Most baked goods include sugar as an ingredient, but that's just one source of the sweetness we love—and not the most interesting one. Pastry chef Joanne Chang, proprietor of beloved Boston bakery and café Flour and author of the forthcoming cookbook Flour, Too, contends that maple syrup, honey, fruit juice, and agave nectar have more complex flavors than granulated sugar. "Sugar hits you high and sharp," Chang says. "It's a familiar, pleasing experience. But maple and honey have more distinctive tastes—and a warm, round quality. Put those in a dessert and you make it really flavorful in a way that you can't with white sugar."
Intrigued, we asked Chang to whip up some desserts without using white sugar; she responded with an apple walnut cake that gets its crackly edge from maple syrup, a banana bread pudding brightened with honey, a zingy citrus granita mellowed with apple juice. She wowed us with delicately crumbed lemony pistachio cookies made with agave nectar, a sweet derivative of the Latin American plant that gives us tequila, which Chang says "has a slight caramel taste—it's a little deeper than straight sugar." She won our hearts with a dreamy crème caramel enriched with maple syrup (which she boils down until it's highly concentrated and caramelized—no candy thermometer required). And then Chang blew our minds with a truffle-esque chocolate cream pie, explaining that because chocolate is already sweetened, it can be used to create a decadent dessert with no additional sugar.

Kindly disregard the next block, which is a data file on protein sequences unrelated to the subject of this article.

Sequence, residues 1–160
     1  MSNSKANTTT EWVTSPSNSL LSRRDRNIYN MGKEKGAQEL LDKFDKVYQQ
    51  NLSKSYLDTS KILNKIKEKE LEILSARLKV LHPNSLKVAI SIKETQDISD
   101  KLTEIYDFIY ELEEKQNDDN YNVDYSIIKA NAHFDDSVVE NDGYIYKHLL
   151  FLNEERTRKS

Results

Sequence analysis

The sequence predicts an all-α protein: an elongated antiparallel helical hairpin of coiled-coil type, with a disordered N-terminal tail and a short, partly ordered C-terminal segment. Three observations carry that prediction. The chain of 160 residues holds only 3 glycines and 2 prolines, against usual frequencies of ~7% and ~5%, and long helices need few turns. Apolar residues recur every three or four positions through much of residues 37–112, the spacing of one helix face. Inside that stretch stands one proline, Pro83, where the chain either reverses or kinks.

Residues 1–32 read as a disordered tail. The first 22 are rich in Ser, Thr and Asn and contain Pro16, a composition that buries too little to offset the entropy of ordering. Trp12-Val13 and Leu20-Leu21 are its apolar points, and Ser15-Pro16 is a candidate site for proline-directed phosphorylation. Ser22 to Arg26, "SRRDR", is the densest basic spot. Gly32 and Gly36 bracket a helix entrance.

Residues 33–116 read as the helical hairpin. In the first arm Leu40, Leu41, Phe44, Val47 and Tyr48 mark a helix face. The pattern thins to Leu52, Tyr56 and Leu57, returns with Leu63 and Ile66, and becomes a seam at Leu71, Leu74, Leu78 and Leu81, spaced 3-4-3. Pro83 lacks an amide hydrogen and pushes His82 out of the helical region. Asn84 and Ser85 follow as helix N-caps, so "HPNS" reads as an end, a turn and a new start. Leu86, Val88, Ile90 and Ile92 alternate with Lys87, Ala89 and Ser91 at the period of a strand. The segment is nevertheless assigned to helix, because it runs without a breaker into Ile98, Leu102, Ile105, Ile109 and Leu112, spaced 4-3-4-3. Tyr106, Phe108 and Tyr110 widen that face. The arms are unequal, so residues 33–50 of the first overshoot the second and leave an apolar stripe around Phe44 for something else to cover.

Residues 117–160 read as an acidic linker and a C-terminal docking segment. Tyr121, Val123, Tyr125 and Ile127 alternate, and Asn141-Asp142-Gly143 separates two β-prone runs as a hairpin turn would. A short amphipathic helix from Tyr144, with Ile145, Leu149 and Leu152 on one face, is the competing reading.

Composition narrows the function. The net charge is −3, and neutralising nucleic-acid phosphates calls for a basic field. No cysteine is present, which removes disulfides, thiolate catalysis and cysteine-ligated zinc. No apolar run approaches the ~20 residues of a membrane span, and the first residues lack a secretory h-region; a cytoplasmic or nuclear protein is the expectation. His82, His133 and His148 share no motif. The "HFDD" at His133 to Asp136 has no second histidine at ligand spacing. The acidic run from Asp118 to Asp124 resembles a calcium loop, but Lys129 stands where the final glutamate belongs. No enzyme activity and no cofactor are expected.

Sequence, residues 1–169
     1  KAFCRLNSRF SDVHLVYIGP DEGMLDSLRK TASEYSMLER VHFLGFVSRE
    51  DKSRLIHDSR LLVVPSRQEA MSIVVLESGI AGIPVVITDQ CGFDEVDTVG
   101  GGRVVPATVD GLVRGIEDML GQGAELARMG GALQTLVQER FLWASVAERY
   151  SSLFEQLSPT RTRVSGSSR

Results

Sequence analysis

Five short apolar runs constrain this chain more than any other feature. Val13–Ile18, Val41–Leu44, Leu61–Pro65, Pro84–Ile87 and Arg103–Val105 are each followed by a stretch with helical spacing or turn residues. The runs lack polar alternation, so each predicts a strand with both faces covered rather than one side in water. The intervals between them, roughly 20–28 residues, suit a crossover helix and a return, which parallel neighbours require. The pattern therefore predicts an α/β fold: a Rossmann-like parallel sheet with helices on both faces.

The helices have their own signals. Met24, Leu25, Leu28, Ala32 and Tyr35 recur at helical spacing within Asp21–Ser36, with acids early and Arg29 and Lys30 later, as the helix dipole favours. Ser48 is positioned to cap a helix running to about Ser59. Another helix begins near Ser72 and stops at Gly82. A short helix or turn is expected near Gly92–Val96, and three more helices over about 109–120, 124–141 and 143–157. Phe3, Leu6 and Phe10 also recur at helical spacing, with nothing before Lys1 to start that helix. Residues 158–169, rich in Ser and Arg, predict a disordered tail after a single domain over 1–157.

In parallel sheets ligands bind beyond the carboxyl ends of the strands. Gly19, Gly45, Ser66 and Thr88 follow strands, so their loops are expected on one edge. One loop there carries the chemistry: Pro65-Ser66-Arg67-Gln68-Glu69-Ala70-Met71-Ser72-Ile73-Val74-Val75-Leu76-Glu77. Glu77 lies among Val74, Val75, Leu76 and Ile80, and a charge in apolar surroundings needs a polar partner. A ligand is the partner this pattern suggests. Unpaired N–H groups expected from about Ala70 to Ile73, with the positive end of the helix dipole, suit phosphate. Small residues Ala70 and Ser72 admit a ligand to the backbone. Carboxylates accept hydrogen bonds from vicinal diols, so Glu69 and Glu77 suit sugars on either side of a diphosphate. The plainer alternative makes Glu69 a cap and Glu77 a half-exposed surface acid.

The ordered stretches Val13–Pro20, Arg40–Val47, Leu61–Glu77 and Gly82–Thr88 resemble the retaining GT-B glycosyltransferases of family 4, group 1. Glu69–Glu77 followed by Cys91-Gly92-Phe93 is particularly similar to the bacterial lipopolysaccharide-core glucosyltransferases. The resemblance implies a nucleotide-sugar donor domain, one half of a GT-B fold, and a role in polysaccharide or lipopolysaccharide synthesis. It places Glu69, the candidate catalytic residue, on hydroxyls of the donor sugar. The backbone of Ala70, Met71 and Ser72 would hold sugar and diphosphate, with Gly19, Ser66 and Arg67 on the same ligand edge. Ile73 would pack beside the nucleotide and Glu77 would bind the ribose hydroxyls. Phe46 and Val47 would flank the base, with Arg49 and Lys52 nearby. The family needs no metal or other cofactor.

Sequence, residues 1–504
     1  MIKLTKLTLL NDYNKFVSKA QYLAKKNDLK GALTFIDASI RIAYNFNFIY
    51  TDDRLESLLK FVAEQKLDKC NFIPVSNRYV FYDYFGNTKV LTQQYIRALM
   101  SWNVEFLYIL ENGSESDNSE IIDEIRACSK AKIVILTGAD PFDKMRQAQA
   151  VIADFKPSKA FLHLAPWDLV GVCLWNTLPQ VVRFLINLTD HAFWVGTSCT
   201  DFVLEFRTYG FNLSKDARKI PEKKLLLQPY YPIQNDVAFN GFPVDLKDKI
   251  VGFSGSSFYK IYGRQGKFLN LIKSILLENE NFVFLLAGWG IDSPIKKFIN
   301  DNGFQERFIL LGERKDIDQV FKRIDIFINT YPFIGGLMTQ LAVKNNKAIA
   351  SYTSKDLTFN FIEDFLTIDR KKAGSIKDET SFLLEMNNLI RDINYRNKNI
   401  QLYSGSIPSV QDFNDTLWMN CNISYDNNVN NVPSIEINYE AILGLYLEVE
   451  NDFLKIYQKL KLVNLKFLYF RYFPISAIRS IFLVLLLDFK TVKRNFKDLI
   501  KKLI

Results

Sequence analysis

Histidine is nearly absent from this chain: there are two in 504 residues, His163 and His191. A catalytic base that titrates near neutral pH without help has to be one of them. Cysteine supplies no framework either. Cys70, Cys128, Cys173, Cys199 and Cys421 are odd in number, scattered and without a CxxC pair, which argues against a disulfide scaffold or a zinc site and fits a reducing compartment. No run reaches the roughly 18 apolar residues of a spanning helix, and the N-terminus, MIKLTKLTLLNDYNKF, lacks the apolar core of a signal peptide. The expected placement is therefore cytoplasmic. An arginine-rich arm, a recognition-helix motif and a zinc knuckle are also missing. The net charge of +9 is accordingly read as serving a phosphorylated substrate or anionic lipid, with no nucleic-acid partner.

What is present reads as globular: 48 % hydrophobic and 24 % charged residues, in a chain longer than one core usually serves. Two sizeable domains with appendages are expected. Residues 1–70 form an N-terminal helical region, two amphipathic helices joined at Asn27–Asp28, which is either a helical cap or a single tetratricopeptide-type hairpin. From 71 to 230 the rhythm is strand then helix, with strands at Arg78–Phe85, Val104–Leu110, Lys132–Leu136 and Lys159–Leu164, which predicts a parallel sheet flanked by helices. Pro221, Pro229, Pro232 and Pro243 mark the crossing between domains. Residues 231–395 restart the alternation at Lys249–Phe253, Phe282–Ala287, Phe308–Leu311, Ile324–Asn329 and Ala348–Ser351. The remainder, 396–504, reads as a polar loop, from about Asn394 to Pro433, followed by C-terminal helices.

The takeaway? The treats we love actually benefit from spanning the sweetener spectrum—and many of those alternatives can already be found in our pantries. We see this as a victory for sweets seekers everywhere: Since life is too short not to eat dessert, we're always glad to find new ways to enjoy it even more.
Next: Double-chocolate cream pie recipe